If I Don’t Write a Post About LinkedIn, Will I Get Kicked Off of The Internet?

Blah blah blah LinkedIn etc etc etc.

If you’ve been living in a cave, or in a compound in Abottabad without internet access, you might not know that LinkedIn’s IPO started trading today: $LNKD – and opened up nearly a smooth 100%.  As I write this post, it’s up $62 to $107, for a 139% first day gain.

It seems everyone has already written their piece on LinkedIn, and I’ll get to some links in a minute, below, because there’s a lot of stuff that’s worth the 5 minutes to read.  First, I want to talk about one specific point: valuation.

LinkedIn’s current valuation (over $ 10B, at last check) is crazy. There’s no doubt about it.  You can’t sensibly value it on any sort of metric and look sane – but that’s not the point.  The point, when we’re talking about companies that look expensive even when you take estimates out a few years, is the question of whether these companies can “grow into” their valuations and eventually change the world.  Essentially, “can they become a disruptive technology?” – one that changes the way you live/work/consume/sleep, etc – and more importantly, can they make money doing it?

There are three companies off the top of my head that come to mind right now on this topic:  Netflix ($NFLX), OpenTable ($OPEN) and LinkedIn ($LNKD).  All three companies are somewhere between “wicked expensive” and “they are valued higher than they could possibly be valued if everyone in the world used them.”

NFLX 2 year chart

Quickly, I’d say that NFLX has a chance of growing into their valuation – they are clearly on the forefront of a techno-shift in media consumption.  If you told me that I was going to be exiled on a desert island for a year, and I had to either buy or short the stock for that time period, I’d still rather be short it, but NFLX is the one of these three that I see as least likely to decline by 75% at some point.

OPEN 2 year chart

$OPEN is one that I don’t really get – I tried to short this stock at $30, and thankfully was unable to borrow it.  I lived in NYC, and I have used OPEN, but it’s no sort of life-changing advancement, and I’ve heard anecdotal reports of many restaurants who use it hating it.  Is it possible that OPEN can leverage future synergies (Groupon seems like a natural partner!) and revolutionize the reservation business?  It’s possible, but again, it seems unlikely in my view.

Then there’s LinkedIn.  I have had a LinkeIn profile for many years.  I don’t know why.  It’s like Facebook for people who don’t want to use Facebook. What that really means, I think, is that you don’t actually go to the website on a regular basis, or even, ever.  No – I don’t want to join your network just because we worked at the same firm 8 years ago and you saw me in the hallway.  Yes – you can hire me to sit at home and blog about your company or tell you how stupid you are for misunderstanding leveraged ETF mechanics – amazingly, these sorts of offers never come through to me via my LinkedIn profile!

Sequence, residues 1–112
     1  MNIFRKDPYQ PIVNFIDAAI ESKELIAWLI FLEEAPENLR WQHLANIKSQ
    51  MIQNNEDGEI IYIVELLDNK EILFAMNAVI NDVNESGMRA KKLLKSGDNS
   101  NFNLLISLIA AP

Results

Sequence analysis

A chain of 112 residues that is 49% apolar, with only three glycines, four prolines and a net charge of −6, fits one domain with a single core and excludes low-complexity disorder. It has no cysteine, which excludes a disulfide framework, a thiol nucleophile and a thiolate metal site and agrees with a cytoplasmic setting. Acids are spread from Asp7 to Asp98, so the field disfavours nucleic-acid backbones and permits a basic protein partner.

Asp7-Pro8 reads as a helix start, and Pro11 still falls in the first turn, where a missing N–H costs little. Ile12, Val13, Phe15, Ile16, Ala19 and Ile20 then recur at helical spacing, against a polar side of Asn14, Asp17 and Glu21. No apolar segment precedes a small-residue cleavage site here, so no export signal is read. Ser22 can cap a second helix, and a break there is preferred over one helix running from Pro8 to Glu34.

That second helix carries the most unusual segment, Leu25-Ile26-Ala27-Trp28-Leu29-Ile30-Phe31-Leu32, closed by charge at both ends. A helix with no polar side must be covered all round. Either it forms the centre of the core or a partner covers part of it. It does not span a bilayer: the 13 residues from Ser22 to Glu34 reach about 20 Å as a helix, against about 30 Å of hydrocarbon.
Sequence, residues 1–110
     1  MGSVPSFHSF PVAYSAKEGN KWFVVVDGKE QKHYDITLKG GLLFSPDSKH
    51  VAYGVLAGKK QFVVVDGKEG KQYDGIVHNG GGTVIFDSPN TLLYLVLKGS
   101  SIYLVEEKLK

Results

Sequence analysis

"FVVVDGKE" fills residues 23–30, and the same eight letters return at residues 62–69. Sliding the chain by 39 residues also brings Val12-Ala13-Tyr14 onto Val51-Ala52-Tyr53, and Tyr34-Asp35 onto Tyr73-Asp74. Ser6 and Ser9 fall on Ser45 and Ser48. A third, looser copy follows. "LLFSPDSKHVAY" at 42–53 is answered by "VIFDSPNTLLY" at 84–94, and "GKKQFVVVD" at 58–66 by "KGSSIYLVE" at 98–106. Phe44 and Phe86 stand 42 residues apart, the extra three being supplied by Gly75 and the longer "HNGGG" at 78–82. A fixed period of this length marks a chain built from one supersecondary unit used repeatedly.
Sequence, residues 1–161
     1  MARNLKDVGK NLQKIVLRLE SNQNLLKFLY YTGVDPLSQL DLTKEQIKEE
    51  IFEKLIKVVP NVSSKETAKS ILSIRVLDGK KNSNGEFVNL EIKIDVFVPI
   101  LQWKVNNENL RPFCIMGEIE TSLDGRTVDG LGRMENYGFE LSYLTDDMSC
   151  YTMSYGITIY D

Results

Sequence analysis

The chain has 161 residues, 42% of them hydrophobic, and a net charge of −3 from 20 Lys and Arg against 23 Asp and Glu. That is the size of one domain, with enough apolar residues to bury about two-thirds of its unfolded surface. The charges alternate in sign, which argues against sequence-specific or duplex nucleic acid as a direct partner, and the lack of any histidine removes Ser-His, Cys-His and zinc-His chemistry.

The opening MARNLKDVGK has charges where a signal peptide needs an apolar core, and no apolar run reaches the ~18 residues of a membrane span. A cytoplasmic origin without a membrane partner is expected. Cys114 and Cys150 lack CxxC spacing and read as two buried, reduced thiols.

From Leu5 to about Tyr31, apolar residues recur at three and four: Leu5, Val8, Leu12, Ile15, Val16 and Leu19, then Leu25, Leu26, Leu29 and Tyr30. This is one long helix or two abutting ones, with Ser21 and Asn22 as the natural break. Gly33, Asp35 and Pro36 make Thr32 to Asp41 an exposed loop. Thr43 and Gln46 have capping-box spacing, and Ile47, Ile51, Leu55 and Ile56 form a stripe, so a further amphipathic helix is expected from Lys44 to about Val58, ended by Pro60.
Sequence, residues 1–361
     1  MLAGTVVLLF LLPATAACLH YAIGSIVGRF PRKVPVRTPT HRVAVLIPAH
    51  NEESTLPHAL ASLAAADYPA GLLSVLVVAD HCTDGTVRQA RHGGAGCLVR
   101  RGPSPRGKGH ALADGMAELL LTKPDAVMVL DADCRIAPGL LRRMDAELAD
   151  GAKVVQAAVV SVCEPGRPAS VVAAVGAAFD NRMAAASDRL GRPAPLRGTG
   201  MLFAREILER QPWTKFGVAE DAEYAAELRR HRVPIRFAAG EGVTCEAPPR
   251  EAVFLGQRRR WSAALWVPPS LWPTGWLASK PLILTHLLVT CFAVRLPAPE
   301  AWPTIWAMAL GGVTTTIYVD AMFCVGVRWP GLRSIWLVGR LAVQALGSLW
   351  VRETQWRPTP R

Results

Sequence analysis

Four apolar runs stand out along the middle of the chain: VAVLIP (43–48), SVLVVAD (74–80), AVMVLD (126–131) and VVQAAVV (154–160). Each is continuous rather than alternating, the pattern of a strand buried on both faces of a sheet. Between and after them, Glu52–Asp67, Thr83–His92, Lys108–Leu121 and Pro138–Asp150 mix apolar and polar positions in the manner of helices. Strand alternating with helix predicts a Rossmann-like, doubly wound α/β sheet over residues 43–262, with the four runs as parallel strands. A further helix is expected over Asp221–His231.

Surely some of you out there find some value in LinkedIn – please, do weigh in and tell me what that value is.  I generally agree with The Analyst’s post on the subject today:

“Linkedin is like a necessary evil, not something we do because we enjoy it or because it makes our lives better/easier/more interesting.  No one thinks to themselves “I wonder if anyone in my professional network has added anybody to theirs, or if they’ve updated their work experience?” and then logs in to check with baited breath.  No one “surfs the ‘link” like they “surf the ‘book” on their lunch break.  No one follows their dream employers’ pages like they do their favorite sports teams.  No one lives vicariously through other people’s work experience like they do other people’s Caribbean vacation pictures.  No one comments on “status updates.”  No one “shares” videos/pictures/articles/whatever on Linkedin.

So, will LinkedIn grow into their valuation?  Will they change the world – the way we network professionally?  I tend to doubt it, but that’s just one man’s opinion.

Oh – I did have one question, for the securities lawyers and or conspiracy theorists in my audience.  LinkedIn has an SEC filing dated yesterday, which contains the following:

LinkedIn Corporation submitted an application under Rule 406 requesting confidential treatment for information it excluded from the Exhibits to a Form S-1 registration statement filed on January 27, 2011, as amended.

Based on representations by LinkedIn Corporation that this information qualifies as confidential commercial or financial information under the Freedom of Information Act, 5 U.S.C. 552(b)(4), the Division of Corporation Finance has determined not to publicly disclose it. Accordingly, excluded information from the following exhibits will not be released to the public for the time periods specified:

Exhibit 10.13A through March 1, 2014
Exhibit 10.20 through April 30, 2012

I can’t help but wonder what information was so confidential that they were granted approval to exclude it from the public filings, but was important enough to show the SEC.  Then again, it’s quite possible/likely that this happens all the time.

For more on LinkedIn – valuation, IPO pricing, company in general – much has been written already today:

IPO Buyers are LinkedIn Stupidity” – Evan Newmark, WSJ Blog

Why LinkedIn Sucks” – The Analyst, @ Stone Street Advisors

The Most Expensive Stock In America” – Jack Hough, Smartmoney.com

Congratulations LinkedIn, You Just Got Screwed out of $130MM” – Henry Blodget, BI

Why It’s Almost Impossible to IPO a Hot Company Without a Huge Pop” – Pascal-Emmanuel Gobry, SAI (KD: for the record, I agree with Blodget on this)

Here are Wall Street’s Real Estimates for LinkedIn” – Henry Blodget, BI

Jim Cramer thinks the price action is “preposterous” – BI


I have no positions in LNKD, OPEN or NFLX

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